Much effort has been devoted into understanding the quantum mechanical properties of gravitational interactions. Here we explore the recent suggestion that gravitational interactions are a fundamental classical channel that is described by continuous quantum measurements and feedforward (CQMF). Specifically, we investigate the possibility that some properties of our universe, modeled using a Friedman-Robertson-Walker metric, can emerge from CQMF by introducing an underlying quantum system for the dynamical variables, avoiding well known difficulties in trying to quantize the spacetime itself. We show that the quantum decoherence necessary in such a measurement model manifests itself as a dark energy fluid that fills the spacetime and whose equation of state asymptotically oscillates around the value $w=-1/3$, regardless of the spatial curvature, which provides the bound between accelerating and decelerating expanding FRW cosmologies.

  17. Functional Approach to Quantum Decoherence and the Classical Final Limit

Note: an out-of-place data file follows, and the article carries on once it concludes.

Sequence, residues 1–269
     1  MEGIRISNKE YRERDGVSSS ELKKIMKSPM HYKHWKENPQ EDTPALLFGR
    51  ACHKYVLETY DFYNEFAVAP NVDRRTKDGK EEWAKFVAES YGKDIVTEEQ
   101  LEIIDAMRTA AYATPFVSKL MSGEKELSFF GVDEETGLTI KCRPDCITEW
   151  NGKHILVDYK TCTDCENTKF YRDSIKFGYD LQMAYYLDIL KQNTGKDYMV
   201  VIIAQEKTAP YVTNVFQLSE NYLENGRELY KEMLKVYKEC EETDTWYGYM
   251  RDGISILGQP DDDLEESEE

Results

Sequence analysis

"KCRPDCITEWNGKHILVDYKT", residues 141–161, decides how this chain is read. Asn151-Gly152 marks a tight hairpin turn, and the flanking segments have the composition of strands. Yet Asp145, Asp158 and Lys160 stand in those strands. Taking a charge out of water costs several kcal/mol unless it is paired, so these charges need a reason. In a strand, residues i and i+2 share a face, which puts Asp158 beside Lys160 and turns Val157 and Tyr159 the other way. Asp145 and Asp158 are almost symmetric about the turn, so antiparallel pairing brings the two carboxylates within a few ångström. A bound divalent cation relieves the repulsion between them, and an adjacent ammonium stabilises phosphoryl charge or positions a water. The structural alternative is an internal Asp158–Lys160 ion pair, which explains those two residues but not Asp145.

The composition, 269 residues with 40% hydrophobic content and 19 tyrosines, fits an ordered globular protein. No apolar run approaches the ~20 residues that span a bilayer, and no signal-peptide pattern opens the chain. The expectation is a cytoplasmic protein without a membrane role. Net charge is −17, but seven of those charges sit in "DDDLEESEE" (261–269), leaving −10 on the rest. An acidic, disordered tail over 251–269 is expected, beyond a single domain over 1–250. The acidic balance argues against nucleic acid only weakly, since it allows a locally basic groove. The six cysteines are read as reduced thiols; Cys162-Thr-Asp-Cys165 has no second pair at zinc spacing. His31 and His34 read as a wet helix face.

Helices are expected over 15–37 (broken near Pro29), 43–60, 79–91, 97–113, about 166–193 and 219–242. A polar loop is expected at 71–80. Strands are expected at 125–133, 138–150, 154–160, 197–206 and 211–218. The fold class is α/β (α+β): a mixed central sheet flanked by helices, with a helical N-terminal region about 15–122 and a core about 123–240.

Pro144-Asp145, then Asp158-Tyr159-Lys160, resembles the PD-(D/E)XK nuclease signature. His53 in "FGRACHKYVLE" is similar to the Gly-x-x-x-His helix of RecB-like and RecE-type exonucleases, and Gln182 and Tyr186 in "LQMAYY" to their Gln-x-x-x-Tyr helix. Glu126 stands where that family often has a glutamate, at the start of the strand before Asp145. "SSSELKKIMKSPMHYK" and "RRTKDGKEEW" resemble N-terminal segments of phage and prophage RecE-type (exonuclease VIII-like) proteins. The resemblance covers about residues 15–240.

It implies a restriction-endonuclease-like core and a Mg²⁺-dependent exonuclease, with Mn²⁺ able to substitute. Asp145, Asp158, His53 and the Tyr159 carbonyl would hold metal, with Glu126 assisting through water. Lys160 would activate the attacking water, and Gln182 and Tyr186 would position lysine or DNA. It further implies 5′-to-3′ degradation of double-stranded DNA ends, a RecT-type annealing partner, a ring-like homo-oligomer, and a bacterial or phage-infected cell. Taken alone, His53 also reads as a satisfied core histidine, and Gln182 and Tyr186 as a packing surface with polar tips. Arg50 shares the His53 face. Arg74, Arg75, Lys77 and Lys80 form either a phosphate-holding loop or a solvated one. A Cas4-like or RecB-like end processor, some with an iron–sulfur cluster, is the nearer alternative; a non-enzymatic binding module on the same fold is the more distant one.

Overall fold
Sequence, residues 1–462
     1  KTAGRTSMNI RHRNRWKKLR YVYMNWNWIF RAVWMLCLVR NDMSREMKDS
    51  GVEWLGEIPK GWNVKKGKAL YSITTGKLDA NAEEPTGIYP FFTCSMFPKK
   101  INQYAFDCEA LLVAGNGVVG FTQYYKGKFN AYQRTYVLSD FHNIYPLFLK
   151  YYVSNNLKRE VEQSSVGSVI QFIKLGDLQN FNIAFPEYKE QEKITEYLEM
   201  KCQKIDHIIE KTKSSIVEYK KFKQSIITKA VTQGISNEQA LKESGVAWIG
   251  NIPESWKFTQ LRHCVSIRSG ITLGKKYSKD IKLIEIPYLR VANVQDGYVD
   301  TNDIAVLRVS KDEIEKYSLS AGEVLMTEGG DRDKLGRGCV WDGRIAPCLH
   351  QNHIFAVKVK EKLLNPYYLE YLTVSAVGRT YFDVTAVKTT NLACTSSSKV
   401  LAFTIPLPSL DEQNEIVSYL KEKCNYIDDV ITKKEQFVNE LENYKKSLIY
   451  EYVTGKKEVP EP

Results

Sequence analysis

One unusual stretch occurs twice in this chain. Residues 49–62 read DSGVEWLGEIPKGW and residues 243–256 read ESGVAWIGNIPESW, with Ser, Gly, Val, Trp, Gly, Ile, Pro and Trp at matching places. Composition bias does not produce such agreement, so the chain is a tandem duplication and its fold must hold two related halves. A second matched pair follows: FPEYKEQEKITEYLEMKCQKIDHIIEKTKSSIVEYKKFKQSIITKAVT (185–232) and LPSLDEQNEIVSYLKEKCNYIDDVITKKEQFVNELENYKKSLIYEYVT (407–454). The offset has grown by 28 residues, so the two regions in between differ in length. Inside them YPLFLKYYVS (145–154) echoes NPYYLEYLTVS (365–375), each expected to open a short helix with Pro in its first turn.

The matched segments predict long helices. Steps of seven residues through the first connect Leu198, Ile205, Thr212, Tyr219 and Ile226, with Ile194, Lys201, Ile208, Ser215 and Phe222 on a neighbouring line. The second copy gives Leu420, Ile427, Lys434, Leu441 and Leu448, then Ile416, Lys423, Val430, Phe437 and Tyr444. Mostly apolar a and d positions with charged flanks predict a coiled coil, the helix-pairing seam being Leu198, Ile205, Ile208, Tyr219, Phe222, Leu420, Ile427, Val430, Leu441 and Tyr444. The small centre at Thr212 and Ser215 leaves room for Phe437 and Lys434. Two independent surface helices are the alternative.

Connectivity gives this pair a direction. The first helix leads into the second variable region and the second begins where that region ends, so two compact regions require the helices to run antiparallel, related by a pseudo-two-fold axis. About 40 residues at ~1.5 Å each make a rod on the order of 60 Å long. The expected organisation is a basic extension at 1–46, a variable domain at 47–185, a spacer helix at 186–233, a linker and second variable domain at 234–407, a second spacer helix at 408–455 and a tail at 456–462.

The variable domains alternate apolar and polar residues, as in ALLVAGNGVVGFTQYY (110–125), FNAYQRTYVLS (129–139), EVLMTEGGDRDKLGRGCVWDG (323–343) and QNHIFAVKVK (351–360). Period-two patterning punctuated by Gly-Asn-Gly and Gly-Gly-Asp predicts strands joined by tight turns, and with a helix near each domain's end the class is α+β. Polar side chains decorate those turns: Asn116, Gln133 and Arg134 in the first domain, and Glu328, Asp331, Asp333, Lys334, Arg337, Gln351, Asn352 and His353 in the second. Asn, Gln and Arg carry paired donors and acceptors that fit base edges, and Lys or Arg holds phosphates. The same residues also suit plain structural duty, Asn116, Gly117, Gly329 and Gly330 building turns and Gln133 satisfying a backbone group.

CERN Document Server

    Castagnino, M A; Castagnino, Mario; Laura, Roberto

    2000-01-01

    For a wide set of quantum systems it is demonstrated that the quantum regime can be considered as the transient phase while the final classical statistical regime is a permanent state. A basis where exact matrix decoherence appears for these final states is found. The relation with the decoherence of histories formalism is studied. A set of final intrinsically consistent histories is found.

  18. Phase-selective reversible quantum decoherence in cavity QED experiment

    CERN Document Server

    Filip, R

    2001-01-01

    New feasible cavity QED experiment is proposed to analyse reversible quantum decoherence in consequence of quantum complementarity and entanglement. Utilizing the phase selective manipulations with enviroment, it is demonstrated how the complementarity particularly induces a preservation of visibility, whereas quantum decoherence is more progressive due to pronounced entanglement between system and enviroment. This effect can be directly observed using the proposed cavity QED measurements.

  19. Decoherence of number states in phase-sensitive reservoirs

    CERN Document Server